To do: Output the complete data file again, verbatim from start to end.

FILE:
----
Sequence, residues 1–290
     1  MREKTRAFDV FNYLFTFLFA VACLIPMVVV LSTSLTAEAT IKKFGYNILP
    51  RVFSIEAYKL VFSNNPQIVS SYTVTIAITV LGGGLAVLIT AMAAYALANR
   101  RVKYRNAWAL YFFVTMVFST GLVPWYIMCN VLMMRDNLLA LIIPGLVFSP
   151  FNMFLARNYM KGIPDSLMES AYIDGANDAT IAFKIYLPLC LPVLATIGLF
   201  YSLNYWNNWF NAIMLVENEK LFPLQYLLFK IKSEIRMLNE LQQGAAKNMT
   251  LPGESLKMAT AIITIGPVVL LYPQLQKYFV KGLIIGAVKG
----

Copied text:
Sequence, residues 1–290
     1  MREKTRAFDV FNYLFTFLFA VACLIPMVVV LSTSLTAEAT IKKFGYNILP
    51  RVFSIEAYKL VFSNNPQIVS SYTVTIAITV LGGGLAVLIT AMAAYALANR
   101  RVKYRNAWAL YFFVTMVFST GLVPWYIMCN VLMMRDNLLA LIIPGLVFSP
   151  FNMFLARNYM KGIPDSLMES AYIDGANDAT IAFKIYLPLC LPVLATIGLF
   201  YSLNYWNNWF NAIMLVENEK LFPLQYLLFK IKSEIRMLNE LQQGAAKNMT
   251  LPGESLKMAT AIITIGPVVL LYPQLQKYFV KGLIIGAVKG